The great difference between those who succeed and those who fail does not consist in the amount of work done by each but in the amount of intelligent work. Many of those who fail most ignominiously do enough to achieve grand success but they labor haphazardly at whatever they are assigned, building up with one hand to tear down with the other. They do not grasp circumstances and change them into opportunities. They have no faculty for turning honest defeats into telling victories. With ability enough and ample time, the major ingredients of success, they are forever throwing back and forth an empty shuttle and the real web of their life is never woven.
The individual who wants to reach the top in business must appreciate the might of the force of habit and must understand that practices are what create habits. He must be quick to break those habits that can break him and hasten to adopt those practices that will become the habits that help him achieve the success he desires.
The most successful men in the end are those whose success is the result of steady accretion... It is the man who carefully advances step by step, with his mind becoming wider and wider - and progressively better able to grasp any theme or situation - persevering in what he knows to be practical, and concentrating his thought upon it, who is bound to succeed in the greatest degree.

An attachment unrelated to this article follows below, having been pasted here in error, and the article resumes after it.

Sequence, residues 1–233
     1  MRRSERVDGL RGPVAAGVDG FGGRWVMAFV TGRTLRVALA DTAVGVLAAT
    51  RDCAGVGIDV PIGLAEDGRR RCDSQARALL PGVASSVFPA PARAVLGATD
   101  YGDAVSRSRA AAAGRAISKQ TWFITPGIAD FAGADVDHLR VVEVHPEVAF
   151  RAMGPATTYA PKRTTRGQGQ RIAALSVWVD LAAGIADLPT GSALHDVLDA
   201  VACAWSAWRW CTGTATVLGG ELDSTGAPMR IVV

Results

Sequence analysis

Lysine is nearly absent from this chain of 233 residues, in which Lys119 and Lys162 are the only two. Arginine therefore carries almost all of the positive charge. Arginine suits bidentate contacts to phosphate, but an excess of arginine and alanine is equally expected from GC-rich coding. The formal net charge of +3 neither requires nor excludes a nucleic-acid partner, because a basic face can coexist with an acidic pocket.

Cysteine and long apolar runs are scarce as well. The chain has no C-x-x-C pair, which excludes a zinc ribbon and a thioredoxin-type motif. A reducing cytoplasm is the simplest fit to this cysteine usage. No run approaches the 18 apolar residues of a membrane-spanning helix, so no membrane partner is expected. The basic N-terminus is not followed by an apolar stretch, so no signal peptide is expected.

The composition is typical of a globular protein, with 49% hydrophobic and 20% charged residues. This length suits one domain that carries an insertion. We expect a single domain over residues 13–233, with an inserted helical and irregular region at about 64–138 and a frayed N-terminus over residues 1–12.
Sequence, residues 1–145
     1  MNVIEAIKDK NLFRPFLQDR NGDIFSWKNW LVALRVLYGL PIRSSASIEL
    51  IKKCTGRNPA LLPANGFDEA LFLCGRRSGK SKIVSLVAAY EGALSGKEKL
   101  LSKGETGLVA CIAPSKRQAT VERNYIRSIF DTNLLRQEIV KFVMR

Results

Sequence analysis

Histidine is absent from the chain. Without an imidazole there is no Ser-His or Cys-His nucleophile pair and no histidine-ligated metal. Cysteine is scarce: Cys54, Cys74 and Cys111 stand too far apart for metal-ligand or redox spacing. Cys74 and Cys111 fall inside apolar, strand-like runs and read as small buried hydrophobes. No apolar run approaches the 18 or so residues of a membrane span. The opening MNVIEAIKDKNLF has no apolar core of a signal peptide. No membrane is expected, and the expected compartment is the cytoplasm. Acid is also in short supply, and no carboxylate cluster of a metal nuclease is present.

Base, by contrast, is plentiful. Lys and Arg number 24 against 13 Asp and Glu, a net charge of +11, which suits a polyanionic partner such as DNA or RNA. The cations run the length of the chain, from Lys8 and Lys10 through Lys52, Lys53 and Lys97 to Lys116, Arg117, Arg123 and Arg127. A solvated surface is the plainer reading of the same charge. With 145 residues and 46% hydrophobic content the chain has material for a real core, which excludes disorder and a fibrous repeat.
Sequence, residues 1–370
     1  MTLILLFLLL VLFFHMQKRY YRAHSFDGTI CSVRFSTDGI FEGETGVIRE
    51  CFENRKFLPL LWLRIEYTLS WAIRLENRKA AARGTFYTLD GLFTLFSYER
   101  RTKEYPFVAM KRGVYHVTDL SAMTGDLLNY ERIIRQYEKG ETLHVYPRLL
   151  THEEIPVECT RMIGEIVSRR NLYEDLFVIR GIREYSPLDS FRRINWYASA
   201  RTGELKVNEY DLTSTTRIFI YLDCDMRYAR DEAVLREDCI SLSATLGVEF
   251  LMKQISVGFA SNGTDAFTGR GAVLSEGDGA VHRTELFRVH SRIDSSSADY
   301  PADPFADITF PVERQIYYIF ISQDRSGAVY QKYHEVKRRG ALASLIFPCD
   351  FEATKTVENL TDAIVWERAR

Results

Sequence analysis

The parent who gets down on the floor to play with a child on Christmas Day is usually doing a most remarkable thing -- something seldom repeated during the rest of the year. These are, after all, busy parents committed to their work or their success in the larger society, and they do not have much left-over time in which to play with their children.